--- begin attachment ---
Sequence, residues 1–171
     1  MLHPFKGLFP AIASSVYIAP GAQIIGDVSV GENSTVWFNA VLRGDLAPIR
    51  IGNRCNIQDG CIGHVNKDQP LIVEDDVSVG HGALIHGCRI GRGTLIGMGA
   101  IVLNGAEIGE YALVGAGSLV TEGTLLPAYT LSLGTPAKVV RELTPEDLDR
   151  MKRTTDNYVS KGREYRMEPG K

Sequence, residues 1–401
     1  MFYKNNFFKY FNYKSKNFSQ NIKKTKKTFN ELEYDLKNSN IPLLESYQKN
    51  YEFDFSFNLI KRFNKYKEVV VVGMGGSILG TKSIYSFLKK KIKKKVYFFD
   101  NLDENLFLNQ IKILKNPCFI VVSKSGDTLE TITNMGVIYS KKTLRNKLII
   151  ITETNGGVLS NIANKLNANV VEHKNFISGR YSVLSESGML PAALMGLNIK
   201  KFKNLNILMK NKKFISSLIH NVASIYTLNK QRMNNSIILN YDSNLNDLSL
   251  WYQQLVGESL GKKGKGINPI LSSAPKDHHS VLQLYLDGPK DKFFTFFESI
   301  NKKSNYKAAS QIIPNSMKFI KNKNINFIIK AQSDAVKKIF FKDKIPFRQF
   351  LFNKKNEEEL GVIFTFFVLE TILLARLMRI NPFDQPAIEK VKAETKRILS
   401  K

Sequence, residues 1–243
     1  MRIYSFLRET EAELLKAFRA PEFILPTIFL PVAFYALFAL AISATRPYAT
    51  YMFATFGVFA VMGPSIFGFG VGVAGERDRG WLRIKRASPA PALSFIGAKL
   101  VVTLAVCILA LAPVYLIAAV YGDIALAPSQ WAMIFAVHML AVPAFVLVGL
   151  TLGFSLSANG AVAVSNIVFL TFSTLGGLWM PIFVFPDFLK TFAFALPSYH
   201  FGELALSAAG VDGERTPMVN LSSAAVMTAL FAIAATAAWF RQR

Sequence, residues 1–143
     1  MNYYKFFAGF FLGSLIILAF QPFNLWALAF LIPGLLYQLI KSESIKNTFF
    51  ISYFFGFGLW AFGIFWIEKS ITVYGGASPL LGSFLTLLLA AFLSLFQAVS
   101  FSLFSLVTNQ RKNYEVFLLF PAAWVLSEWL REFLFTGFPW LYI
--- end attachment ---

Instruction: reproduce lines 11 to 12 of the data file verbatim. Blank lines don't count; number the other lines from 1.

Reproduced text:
   201  KFKNLNILMK NKKFISSLIH NVASIYTLNK QRMNNSIILN YDSNLNDLSL
   251  WYQQLVGESL GKKGKGINPI LSSAPKDHHS VLQLYLDGPK DKFFTFFESI